Although it is often overlooked in EU context, Europe also has a history of religious violence, and here too is a specific justification for terrorism. Forced conversion, including the imposition of abhorrent religious values, justifies resistance by force. As you may know, I advocated (in my letter to Jürgen Storbeck), the assassination of the leadership of the Dutch orthodox-protestant party SGP, if they won a democratic mandate. The SGP is the only openly theocratic Christian party in Europe, and they consider it their duty to crush 'false religion', starting with the Catholics. That justifies armed resistance. However, the SGP electorate sees itself not as an aggressor, but as victims - condemned to live as a despised and persecuted minority, in an ungodly society which they abhor. There is no political solution to such conflicts of religious values, where one party considers the existence of the other party as morally abhorrent, and as a threat to its own existence. Three centuries of liberal 'tolerance' did not remove the threat of inter-religious violence in Europe, they just hid it from public view: Islamic immigration has made it visible again. The violence is inherent in the fact of contradictory universal doctrines, and no anti-terrorist policy can alter that.

Self-defence is a general justification for violence, and this is particularly relevant in countries with ethnic and religious tensions, where the risk of overt violence against minorities is always present. That is now the case in Dutch and British cities, it is not simply a 'Balkan issue'. Where the appropriate organs of the state fail to protect the minority, then they are entitled to defend themselves. That failure usually results from domination of the state by the majority ethnic or religious group - Protestants in Northern Ireland in the 1970's, for instance. In this context you should note that the Dutch Ministry of Justice has an official policy not to prosecute incitements to kill minorities, especially Muslims. As a result, there has been open incitement to kill all Muslims in the Netherlands, including a call to re-open the Auschwitz death camp for that purpose. As tensions with Islamic immigrants increase, and xenophobic movements become more aggressive, the issue of defensive armed force will re-appear on the political agenda of European democracies, as it did in Northern Ireland.

Many of these justifications also apply to violence by individuals, although it is not usually classified as terrorism. I wrote in an assessment of the politics of Tony Blair, that if he is assassinated, then probably by someone who suffered under the intense meritocracy in Blairite Britain, rather than at the hands of Al-Qaeda. For instance by someone from a deprived background who was refused entry into the elite university of Oxford, for 'lack of talent'. Under a democratic system and the rule of law, there is indeed nothing an individual can do to alter this, and a revenge assassination is understandable. It can be no more than revenge: it will not change policy, or bring an egalitarian state, and it would not fall under the EU terrorism definition. But remember, Tony Blair has no moral justification himself, for submitting individuals to a meritocracy, if they object to that. He could have offered an escape route - for instance a 'non-meritocratic zone' in Scotland or Wales, or parallel non-meritocratic institutions. He did not, because he sees meritocracy as a universal truth. The ethics of forced meritocracy are related to those of forced conversion.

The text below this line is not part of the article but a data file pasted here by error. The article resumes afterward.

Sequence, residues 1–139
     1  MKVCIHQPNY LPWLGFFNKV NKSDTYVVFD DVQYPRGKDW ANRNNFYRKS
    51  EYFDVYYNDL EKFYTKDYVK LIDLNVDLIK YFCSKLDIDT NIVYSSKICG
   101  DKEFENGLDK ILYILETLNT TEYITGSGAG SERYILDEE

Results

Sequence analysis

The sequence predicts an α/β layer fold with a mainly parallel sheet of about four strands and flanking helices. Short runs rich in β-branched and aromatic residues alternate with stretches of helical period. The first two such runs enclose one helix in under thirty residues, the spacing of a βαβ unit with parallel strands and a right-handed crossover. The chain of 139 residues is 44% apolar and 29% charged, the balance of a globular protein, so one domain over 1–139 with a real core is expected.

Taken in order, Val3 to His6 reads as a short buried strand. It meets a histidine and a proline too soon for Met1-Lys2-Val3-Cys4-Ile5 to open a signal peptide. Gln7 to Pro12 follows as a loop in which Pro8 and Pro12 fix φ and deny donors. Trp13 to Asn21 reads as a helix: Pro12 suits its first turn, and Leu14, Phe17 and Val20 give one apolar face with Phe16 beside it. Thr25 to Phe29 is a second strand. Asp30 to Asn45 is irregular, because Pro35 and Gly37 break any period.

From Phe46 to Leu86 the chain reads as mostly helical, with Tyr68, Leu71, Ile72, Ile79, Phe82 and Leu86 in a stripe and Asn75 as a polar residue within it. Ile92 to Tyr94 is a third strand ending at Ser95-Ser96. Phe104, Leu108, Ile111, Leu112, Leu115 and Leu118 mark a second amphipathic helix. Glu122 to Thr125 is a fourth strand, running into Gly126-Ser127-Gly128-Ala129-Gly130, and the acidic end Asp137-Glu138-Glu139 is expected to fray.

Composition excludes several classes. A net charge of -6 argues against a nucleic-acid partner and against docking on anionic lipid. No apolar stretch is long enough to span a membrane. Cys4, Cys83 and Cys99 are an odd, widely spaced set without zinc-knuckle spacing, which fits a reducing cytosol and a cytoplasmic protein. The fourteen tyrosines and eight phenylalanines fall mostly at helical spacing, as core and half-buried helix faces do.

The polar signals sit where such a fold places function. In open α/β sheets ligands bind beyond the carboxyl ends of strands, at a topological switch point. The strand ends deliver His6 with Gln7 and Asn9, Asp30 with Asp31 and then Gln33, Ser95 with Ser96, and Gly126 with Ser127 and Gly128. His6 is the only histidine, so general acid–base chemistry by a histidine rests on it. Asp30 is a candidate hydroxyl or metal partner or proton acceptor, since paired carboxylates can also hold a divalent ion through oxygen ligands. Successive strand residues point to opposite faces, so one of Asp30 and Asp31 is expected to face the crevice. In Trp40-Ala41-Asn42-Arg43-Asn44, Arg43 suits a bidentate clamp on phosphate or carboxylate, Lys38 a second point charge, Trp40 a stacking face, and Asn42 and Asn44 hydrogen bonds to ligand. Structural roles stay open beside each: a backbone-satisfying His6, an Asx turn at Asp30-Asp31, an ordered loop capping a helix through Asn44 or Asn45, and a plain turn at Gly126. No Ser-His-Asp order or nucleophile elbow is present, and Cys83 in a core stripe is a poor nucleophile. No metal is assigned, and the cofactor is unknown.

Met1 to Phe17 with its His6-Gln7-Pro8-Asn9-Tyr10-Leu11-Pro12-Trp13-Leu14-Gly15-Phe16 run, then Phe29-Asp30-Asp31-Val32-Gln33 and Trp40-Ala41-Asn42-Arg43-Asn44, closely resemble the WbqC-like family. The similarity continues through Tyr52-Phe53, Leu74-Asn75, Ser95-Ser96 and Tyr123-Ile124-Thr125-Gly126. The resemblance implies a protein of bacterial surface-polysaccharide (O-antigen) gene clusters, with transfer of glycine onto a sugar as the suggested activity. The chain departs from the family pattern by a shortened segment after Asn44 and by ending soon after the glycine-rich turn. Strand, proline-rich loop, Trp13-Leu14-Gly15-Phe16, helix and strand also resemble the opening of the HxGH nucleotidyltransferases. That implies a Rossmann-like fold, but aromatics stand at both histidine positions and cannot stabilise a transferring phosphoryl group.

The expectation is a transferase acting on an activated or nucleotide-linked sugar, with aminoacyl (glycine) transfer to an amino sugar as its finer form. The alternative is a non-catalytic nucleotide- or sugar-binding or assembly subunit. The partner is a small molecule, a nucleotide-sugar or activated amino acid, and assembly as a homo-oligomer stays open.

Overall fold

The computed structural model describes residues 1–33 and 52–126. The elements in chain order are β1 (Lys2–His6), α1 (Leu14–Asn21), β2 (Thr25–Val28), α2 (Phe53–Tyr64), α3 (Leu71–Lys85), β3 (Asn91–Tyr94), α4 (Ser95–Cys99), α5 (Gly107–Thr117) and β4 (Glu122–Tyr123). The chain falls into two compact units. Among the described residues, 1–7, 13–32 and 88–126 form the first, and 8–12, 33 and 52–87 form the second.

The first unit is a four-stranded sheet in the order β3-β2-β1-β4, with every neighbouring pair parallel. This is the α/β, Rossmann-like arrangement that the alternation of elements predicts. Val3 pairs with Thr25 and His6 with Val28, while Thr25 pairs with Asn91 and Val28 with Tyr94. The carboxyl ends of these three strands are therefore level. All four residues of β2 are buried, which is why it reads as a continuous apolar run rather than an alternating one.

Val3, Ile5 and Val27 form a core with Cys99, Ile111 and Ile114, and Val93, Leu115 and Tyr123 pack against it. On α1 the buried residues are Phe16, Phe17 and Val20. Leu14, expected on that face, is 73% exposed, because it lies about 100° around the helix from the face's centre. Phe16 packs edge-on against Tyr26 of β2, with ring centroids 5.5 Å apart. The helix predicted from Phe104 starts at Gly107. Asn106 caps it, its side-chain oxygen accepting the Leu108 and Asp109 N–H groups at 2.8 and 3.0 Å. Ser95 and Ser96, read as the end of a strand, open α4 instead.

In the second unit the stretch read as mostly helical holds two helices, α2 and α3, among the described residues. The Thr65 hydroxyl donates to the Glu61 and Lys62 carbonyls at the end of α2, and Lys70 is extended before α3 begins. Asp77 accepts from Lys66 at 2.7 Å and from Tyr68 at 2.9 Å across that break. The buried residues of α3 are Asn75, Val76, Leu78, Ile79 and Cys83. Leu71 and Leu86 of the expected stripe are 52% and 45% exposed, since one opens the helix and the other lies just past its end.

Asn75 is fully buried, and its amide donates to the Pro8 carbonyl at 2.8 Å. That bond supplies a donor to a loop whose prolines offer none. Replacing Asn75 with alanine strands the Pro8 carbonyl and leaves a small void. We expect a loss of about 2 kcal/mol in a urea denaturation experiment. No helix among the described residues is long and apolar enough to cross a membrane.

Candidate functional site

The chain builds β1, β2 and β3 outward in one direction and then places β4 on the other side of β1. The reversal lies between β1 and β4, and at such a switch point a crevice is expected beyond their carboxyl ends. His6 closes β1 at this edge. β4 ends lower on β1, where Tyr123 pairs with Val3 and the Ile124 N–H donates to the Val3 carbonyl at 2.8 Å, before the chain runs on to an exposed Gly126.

There are other specific grounds for terrorism, and I might raise them later. You should remember that liberal democracy is not a self-legitimising system. It does not render all non-democratic action wrong, merely because democracy exists. Historically and theoretically, liberal-democratic systems are only one of many political systems. They need ethical justification themselves - and assessment of their emerging defects (something missing from the usually self-glorifying theory). Until you are prepared to do that, then you should refrain from blanket denunciations of 'terrorism'.

Paul Treanor

Gijs de Vries, European Union anti-terrorism coordinator
DAC Peter Clarke, head of counter-terrorism, Metropolitan Police, London
Max-Peter Ratzel, Director, Europol
M. van Erve, national anti-terrorism prosecutor, Netherlands
W. van Gemert, Netherlands Security Service AIVD
Josep Borrell Fontelles, President of the European Parliament
Lorenzo Salazar, cabinet of Franco Frattini, European Commission

Why destroy the nation state?